Human Factors is the study of the relationship between the individual and the built environment. Under the umbrella term human factors falls the study of ergonomics and anthropometrics, environmental and spatial behavior, universal design and the Americans with Disabilities Act, life safety issues and issues of social responsibility. Human Factors issues will be discussed in the context of various types of design, including private residence design, retail and hospitality design, offices, and design for special populations. Study will emphasize the phases of design that deal most directly with human factors issues: programming and post-occupancy evaluation. 3:0:3

Educational Philosophy:

Design:  Design is both creative and meticulous.  It is a process that involves generating ideas, then editing and refining those ideas before producing the final result.  The steps in the deisign process are universal and can be applied to any design problem, whether it is a written document, the design of a space or the design of a product.

Teaching:  As a teacher I articulate what I have learned as a professional, sharing my accumulated knowledge and skills with the students.  This information is the basis for a variety of activities that reinforce core learning objectives.  Students observe, evaluate , collaborate and create as they approach each assignment as a design problem.  Students communicate design concepts visually and orally using drawing, drafting, board building and modeling techniques.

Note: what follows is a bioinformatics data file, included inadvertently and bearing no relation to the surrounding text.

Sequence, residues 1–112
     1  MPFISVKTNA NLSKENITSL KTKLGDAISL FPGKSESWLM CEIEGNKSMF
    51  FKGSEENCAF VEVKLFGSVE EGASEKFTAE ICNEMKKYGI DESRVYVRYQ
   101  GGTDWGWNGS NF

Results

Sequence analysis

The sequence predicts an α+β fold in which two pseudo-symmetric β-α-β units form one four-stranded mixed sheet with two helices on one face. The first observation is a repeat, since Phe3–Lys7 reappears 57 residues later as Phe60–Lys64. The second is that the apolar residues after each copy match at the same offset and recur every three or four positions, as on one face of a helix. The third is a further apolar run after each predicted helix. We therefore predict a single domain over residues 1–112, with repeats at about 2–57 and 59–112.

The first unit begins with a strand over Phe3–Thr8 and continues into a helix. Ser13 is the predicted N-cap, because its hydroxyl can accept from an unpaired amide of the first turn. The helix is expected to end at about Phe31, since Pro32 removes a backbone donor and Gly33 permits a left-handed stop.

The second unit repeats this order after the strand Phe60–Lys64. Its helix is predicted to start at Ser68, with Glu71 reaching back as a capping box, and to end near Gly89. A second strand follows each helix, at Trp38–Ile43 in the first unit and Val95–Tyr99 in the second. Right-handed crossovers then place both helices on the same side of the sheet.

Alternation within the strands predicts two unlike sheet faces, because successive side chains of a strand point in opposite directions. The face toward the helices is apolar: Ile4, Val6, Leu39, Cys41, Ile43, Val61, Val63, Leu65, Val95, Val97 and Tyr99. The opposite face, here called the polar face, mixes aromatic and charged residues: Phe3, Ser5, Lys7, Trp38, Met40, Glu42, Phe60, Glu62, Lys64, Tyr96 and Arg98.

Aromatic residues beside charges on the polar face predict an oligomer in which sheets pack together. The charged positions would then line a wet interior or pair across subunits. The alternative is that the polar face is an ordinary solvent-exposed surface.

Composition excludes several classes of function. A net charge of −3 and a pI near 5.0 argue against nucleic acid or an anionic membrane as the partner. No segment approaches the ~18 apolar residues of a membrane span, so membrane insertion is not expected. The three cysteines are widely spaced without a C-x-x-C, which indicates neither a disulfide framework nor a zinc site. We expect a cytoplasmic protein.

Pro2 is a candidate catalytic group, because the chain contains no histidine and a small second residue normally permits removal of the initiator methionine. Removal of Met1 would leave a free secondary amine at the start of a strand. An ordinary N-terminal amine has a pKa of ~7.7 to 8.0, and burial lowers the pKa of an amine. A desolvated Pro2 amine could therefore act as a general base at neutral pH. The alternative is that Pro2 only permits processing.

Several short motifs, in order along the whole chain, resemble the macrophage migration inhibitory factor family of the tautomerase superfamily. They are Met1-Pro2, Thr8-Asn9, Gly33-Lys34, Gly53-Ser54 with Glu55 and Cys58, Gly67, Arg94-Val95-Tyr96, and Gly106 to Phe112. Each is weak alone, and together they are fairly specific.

Learning Outcomes:
  Core Learning Outcomes

  1. Define and discuss the areas of study that fall under the umbrella of Human Factors.
  2. Relate universal design, life safety codes and issues of social responsibility to Human Factors.
  3. Discuss Human Factors issues in the context of various categories of interior design projects.
  4. Apply Human Factors concepts to interior design projects, especially in the programming (problem seeking) phase.
  5. Critically observe and evaluate the existing built environment.


Core Assessment:

  • Tests covering text, related readings, lectures and discussions. (outcomes 1-3)
  • Completion of a series of assignments that apply concepts in lectures (outcomes 1 and 2)
  • Completion of data gathering research project that includes an oral report (outcomes 1-3)
  • Completion of core assessment project:  Programming (outcomes 1-4)